This understanding emerged from the Nicene Creed (4th Century), fleshing out – so to speak – the idea that Jesus is consubstantial with the Father in divinity, and also consubstantial with us in his humanity.

FRIEND AND GUIDE: Aside from the academics, accepting Jesus as companion and guide is a critically important element of what it means to live as a 21st-Century Christian. We must not only understand who Jesus is to us and for us, but we must live into that truth. Belief leads to action, and then action reinforces belief – becoming a positive cycle of faith and practice that not only proves itself to us but that becomes a demonstration of Kingdom life to the world.

Belief leads to action, and then action reinforces belief – becoming a positive cycle of faith and practice that not only proves itself to us but that becomes a demonstration of Kingdom life to the world.

As the aphorism puts it so neatly: “Preach the Gospel daily; if necessary, use words” (a phrase often misattributed to Francis of Assisi).

IMG_3742So summer moves on; sunshine, heat, good food, and – the best nourishment of all – deepening relationships, and food (of real substance) for the soul.

Enjoy a great weekend, and check back in for something more that’s encouraging, Sunday morning – DEREK

 

 

we need more “character” and less “characters” #GreatestGeneration

 And because you belong to Christ Jesus, God’s peace will stand guard over all your thoughts and feelings. His peace can do this far better than our human minds. Brothers and sisters, continue to think about what is good and worthy of praise. Think about what is true and honorable and right and pure and beautiful and respected. – Philippians 4:7-8

IMG_4282So this week – while war, terrorism, politics, calamity, and controversy continued their loud, frenzied, over the top domination of the daily news – here on Elmwood Court my dad quietly turned 88 in an eloquent reminder that what is good, and right, and honorable, is significantly more true, and powerful, and enduring.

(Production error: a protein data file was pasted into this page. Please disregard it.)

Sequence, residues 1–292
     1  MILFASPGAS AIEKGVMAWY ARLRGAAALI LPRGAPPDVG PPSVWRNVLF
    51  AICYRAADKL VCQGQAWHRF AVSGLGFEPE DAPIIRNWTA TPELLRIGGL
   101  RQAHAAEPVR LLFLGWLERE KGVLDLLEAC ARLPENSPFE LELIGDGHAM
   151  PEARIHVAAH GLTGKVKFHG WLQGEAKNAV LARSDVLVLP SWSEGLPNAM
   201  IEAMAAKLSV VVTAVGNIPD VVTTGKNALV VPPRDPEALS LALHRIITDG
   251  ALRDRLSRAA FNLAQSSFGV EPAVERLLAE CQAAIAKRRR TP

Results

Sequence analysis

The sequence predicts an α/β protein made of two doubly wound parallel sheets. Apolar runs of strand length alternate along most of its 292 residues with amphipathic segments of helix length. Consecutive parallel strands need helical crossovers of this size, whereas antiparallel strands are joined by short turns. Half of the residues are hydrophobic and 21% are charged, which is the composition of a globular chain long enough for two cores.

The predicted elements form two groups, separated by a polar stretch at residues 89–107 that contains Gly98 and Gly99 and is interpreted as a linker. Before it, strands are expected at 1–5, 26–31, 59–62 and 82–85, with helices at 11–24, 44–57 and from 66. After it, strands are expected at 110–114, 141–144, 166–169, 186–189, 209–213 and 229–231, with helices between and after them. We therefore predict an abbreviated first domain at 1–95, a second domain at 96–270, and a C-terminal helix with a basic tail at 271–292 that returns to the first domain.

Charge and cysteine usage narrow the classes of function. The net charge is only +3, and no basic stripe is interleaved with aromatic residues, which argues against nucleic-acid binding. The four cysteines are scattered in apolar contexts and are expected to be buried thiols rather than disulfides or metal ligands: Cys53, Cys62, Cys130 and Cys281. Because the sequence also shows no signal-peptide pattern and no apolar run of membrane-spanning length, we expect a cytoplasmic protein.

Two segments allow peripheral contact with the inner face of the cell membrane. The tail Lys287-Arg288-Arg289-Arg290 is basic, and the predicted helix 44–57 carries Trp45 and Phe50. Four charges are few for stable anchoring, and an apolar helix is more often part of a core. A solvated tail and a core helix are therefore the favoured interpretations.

David Maul was born in London, England, in 1928. Not long thereafter his family moved to Rayleigh, Essex, a small town 35 miles to the east. Other than his evacuation to Mansfield during the war years, and his postwar service with the British army, dad live in Rayleigh until he married Grace Kemp in 1952 and the newlyweds moved to Folkestone (my hometown).

A little less than 30 years later my parents sailed to the United States, living in Sarasota until joining Rebekah and me here in Wake Forest in 2014. It was Raleigh to Rayleigh, in a sense, with just a handful of steps in between.

IMG_4265SO WHAT! The reason I’m writing about my dad’s 88th birthday in today’s post is that these are the stories that need to be told. Good luck to the candidates for POTUS (major parties and alternative choices alike) but let’s take a break from the overbearing made-for-television PR-fest, and take a moment to remind one another that this country… this world… our future, stands or falls on the day-by-day decisions, and character, and faith, and resolute belief in tomorrow that is represented in people like my dad, men and women who have lived an undaunted witness in an often uncertain world, and who have gifted the rest of us with both promise and peace.

IMG_4281Just a few months after this next picture was taken, Europe (and soon after the entire world) plunged into darkness, consumed by the most devastating war in human history.

It won’t be too many more years before all the stories we have from that era will be second hand. But if you take the time right now to talk with those who were there (and I highly recommend it) – those who served, or who heard the bombs drop, or saw the planes fly over, or who picked through the rubble for loved ones, maybe you will understand how important it is that we remember – and imitate – their quiet humility today.

Because this world will never know peace in response to bullying, or intimidation, or threats, or brinkmanship, or false bravado; what we need in 2016, more than ever, is humility, hard work, self-sacrifice, generosity, encouragement, grace, inclusiveness, love, and reconciliation…

In other words, more people like my dad. Happy birthday! – DEREK

 

 

let’s start a, “Let’s Listen, America!” campaign

Happy Thursday, friends! If you didn’t get the chance to look at the photography in yesterday’s post then I’d recommend taking a look. You can scroll through 28 great images that tell a good – and important – story (see “Rejecting the False Narrative…”).

Let’s Listen, America!

DSC_1399 (1)-002Today I’m interested in talking about the quality of conversation that is surrounding this unreasonably contentious, fractious, election. My point is going to be that we must have the conversation, we must listen, and it’s okay to disagree with conviction and passion… but – and this is a huge truth – it’s entirely possible to talk to one another without anger, bitterness, condescension, and enmity.